Prof Shaw said the Government's proposed hate speech changes that Justice Minister Kiri Allan has promised to have in law by the election will be an "absolute gift for David Seymour and his people". They've vowed to repeal it.

Meanwhile, the Green Party - which has a cooperation agreement with Labour - has been trying to showcase its 'wins' from over the past term. 

From alcohol law reform, to public transport ideas, deep sea mining and foreign policy, the party has been keen to point out in its press releases that Government actions have followed pressure from Green MPs.

But the party has also had some internal politics in the headlines. Co-leader James Shaw was booted from his role briefly after a vote by party members. While some MPs openly voiced interest in taking over, they soon backed away and Shaw was back in

In the Newshub-Reid Research poll, the Greens were on 9.5 percent, up 1.1 percent. 

James Shaw remains co-leader of the Greens alongside Marama Davidson.
James Shaw remains co-leader of the Greens alongside Marama Davidson. Photo credit: Newshub.

Dr Greaves said one area to watch at the next election is the Māori seats.

"Te Tai Hauāuru has always had a few thousand votes in it in recent years," Dr Greaves said. "Debbie Ngarewa Packer has been quite vocal and been getting a fair bit of media attention and [current MP] Adrian Rurawhe, as Speaker, is unlikely to stand there."

"So Labour will have a lesser-known candidate there up against Debbie Ngarewa Packer. So then it is likely Te Pāti Māori will win that electorate."

The party, which re-entered Parliament in 2020 off the back of Rawiri Waititi's victory in Waiariki, has challenged the status quo in the House and given a new voice to Māori issues after three years in the political wilderness.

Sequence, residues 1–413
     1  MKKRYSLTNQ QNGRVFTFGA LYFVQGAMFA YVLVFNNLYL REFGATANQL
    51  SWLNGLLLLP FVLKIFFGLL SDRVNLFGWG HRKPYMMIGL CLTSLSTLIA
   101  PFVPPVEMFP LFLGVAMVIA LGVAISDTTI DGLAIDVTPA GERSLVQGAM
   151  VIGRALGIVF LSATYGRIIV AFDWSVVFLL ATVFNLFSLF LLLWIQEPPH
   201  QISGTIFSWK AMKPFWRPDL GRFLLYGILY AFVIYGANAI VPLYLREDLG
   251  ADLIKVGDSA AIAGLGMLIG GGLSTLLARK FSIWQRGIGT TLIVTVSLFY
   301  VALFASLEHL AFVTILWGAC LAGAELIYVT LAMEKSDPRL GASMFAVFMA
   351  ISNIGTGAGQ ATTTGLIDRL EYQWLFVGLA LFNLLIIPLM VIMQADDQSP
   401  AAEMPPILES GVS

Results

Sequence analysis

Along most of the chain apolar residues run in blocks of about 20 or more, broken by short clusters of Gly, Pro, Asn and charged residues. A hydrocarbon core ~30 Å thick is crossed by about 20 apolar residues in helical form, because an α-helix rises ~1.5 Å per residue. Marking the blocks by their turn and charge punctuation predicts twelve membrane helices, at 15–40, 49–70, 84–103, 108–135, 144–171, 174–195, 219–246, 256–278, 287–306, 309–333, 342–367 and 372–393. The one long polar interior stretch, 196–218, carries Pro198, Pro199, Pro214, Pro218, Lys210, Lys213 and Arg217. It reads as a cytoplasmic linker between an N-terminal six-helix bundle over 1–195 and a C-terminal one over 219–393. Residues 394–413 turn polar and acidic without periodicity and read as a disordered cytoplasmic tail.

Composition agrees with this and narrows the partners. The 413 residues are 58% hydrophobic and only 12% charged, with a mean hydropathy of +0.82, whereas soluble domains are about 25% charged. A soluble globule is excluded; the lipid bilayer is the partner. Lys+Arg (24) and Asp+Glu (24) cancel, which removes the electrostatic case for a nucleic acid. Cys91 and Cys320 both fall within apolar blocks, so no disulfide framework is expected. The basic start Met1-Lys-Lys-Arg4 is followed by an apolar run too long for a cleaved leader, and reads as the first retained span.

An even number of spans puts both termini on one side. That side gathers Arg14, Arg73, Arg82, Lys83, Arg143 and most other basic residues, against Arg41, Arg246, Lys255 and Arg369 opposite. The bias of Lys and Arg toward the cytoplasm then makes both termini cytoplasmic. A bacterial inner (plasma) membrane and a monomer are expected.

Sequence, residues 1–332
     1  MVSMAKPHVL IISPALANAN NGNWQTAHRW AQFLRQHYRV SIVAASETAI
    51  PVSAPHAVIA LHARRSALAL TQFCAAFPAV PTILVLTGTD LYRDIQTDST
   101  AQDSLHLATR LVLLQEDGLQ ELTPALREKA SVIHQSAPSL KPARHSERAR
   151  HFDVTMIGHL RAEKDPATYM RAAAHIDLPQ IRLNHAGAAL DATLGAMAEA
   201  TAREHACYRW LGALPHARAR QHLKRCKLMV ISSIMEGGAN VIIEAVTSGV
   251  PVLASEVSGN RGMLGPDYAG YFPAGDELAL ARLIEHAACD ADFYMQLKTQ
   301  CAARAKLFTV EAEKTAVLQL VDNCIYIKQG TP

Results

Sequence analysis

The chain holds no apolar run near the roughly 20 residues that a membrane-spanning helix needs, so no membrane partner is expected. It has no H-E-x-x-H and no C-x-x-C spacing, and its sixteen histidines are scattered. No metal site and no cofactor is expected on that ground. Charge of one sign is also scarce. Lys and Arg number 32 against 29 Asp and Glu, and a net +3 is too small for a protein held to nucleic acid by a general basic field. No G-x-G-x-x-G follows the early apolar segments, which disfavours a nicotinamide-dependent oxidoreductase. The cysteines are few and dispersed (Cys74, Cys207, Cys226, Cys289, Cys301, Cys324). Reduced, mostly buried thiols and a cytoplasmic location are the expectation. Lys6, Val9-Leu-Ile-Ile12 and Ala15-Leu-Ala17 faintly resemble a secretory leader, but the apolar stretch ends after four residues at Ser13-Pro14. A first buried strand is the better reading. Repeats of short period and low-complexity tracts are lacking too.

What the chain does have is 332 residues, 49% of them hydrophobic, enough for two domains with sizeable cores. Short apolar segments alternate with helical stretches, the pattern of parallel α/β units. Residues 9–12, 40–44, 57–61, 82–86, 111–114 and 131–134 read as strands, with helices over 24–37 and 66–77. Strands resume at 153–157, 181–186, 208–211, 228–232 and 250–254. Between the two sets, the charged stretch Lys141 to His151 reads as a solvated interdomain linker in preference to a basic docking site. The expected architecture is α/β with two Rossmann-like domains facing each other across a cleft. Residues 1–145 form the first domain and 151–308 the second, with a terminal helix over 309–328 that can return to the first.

While it isn't in the boxseat in the latest Newshub poll, Te Pāti Māori has ruled out working with ACT based on the right-wing party's current policies if it had the power to choose post-election.

Another party fighting for attention will be The Opportunities Party, which recently released a full tax switch plan and is standing a candidate in the Hamilton West by-election

There's also the question of New Zealand First, which held the balance of power in 2017, but was kicked out in 2020 when it didn't make the 5 percent threshold. 

Leader Winston Peters has been trying to garner attention with near-daily tweets lambasting the Government on various issues.

While Peters likes to point out the large crowds turning up to his speeches, Dr Greaves is unsure his party has got momentum. It again came in under 5 percent in Newshub's poll, though the 3.3 percent result was up 1.6 points from May.

"It doesn't look like National or Labour would cut a deal with them in an electorate… and it doesn't look like there is any one electorate where they could win.

"So they are going to have to get to 5 percent of the party vote, which was 146,000 votes last time around. And it's hard to really believe that they're going to get to that point."

Will New Zealand First return to Parliament in 2023?
Will New Zealand First return to Parliament in 2023? Photo credit: Newshub.

Prof Shaw expects NZ First might "hoover up a few slivers of points worth of support" that would have otherwise gone to a more fringe party.

There are a number of so-called freedom parties looking at contesting the election, but Prof Shaw doubts they will be able to coalesce behind a single one. 

He believes issues often described as part of the "culture wars" or identity politics will have an influence on the way the election plays out, with some groups also attempting to take advantage of backlash to COVID-19 measures.

"They're more significant here than they were in 2020 and in large measure because of the backlash to vaccine mandates and mask mandates and so on. So I think some of those non-economic issues are going to be quite significant."

Cost of living is top of mind for many voters.